Twenty years has passed since Highland first opened its creaky basement door, in a town otherwise bereft of breweries. On this special occasion, Brewmaster John Lyda gives a nod to local Scots Irish history, this time with a new beer: Highland Brewing Company 20th Anniversary Scotch Ale. It will be released at the brewery on April 19th at the official public anniversary event, The Plaid Party. In addition to the Scotch Ale, three more beers in the series of 20 will be released that night. The series is a masterpiece of brewing delights.
- Ten archived recipes honor the past and ten new recipes look to the future
- Four beers will be brewed on the 50-barrel and packaged in kegs and 22-ounce bottles, forming a collectible mini-series. Each “Big Batch” will be developed by a different brewer or brewers
- Sixteen beers will be kegged
- Three beers are collaborations with the other three most senior breweries in town: Wedge, Green Man and French Broad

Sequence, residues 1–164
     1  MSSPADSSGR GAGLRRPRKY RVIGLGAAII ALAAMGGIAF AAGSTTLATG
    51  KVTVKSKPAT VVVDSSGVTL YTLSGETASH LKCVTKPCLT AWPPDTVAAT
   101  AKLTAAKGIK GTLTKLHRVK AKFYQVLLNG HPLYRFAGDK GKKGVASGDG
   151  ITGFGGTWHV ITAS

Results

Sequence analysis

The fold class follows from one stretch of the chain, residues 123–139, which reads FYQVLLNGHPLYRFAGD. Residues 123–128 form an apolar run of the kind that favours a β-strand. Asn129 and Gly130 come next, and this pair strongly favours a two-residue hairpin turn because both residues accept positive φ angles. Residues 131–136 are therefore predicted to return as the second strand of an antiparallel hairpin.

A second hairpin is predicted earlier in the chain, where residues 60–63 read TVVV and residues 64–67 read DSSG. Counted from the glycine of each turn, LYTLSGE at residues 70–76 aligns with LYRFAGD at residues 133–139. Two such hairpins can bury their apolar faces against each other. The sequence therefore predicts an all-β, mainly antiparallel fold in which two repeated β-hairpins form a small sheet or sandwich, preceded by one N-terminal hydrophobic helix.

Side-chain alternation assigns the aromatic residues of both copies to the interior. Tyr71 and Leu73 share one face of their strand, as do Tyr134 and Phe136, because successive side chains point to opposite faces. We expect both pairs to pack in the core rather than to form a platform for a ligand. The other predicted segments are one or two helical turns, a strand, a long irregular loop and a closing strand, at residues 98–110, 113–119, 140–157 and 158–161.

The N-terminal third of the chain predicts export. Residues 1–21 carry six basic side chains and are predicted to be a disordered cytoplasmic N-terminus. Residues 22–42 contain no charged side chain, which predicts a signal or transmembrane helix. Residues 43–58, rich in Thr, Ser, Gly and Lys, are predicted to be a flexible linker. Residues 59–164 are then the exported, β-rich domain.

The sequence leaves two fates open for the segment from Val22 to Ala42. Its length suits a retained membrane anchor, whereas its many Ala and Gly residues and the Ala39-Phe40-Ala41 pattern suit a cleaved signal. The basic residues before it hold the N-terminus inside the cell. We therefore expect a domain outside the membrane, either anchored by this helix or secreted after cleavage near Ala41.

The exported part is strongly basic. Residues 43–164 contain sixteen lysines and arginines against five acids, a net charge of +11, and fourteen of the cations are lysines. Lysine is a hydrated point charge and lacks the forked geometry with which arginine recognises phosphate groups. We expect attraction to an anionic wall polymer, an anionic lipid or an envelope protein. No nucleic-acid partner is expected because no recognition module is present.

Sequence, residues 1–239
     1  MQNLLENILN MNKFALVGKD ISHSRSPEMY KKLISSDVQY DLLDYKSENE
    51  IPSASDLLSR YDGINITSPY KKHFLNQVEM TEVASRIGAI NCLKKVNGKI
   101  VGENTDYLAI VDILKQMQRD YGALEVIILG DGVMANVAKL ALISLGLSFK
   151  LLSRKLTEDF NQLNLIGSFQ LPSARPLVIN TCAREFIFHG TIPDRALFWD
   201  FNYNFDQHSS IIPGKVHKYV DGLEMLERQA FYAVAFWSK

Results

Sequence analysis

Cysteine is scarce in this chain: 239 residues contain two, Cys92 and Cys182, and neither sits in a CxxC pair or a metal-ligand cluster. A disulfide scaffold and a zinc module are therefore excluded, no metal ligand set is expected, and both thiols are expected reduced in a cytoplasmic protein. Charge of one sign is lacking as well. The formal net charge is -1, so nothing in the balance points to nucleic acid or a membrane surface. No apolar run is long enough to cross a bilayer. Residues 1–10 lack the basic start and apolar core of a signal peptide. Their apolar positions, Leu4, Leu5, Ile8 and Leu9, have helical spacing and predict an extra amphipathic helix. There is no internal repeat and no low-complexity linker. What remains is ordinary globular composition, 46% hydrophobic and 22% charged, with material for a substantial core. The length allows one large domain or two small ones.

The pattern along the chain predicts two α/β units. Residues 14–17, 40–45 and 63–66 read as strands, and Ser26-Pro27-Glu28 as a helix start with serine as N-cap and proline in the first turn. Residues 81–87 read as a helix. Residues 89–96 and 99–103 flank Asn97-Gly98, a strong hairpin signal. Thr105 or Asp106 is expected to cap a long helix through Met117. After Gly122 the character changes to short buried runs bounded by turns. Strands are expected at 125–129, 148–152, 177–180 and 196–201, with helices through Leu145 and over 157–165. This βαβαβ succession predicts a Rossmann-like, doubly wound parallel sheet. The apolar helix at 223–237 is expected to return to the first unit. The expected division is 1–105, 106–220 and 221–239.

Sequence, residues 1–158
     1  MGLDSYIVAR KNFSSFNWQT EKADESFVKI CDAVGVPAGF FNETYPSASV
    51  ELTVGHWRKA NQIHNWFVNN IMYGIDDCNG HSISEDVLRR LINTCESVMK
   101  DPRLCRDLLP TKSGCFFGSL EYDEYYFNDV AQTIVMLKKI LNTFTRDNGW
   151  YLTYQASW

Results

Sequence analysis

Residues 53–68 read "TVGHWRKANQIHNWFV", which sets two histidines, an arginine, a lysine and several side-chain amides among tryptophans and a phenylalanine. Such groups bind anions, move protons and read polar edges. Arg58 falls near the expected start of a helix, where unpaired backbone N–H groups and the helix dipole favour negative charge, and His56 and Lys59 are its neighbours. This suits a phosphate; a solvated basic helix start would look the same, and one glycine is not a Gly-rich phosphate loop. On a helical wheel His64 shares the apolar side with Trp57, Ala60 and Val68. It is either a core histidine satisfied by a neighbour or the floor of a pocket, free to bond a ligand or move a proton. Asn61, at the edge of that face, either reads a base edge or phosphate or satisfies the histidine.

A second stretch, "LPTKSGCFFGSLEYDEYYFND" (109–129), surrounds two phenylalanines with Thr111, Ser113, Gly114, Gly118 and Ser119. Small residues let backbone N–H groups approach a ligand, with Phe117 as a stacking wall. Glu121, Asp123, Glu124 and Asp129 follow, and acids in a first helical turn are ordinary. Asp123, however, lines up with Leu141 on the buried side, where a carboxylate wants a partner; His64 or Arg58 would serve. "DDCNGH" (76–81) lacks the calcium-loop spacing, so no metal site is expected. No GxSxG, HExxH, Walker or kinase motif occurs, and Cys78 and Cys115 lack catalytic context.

With 20 beers from April to December, releases are every couple of weeks on average, and visitors are likely to find an anniversary brew on tap no matter what day they walk in. Beers will be revealed online, one by one, just prior to their releases.
Oscar Wong, John Lyda and John McDermott bet long on a fledgling industry. In the US in 1994, there were 537 craft breweries. Today there are around 2,800 and the number is growing fast. Since 1994, the dream of being Asheville’s hometown brewery has changed, and it hasn’t.
“We thought we’d be the only ones, and here we are, with more breweries popping up all the time,” said founder Oscar Wong. “It’s terrific. We never expected to go this far, and now Leah is taking the company into the next level. We have much more to look forward to.”
What hasn’t changed is that, despite vast development of beer culture and breweries in Asheville, Highland is rooted here by location and by name. “Our name anchors us here. The name “Highland” honors the legends of the Scots Irish which are so deeply woven into this area, the Southern Appalachians,” said Leah Wong Ashburn, Vice President. “I love telling people that my father, a Chinese man, born and raised in Jamaica, who considers himself Irish because he went to Notre Dame, owns a Scottish brewery. How amazing is that?”
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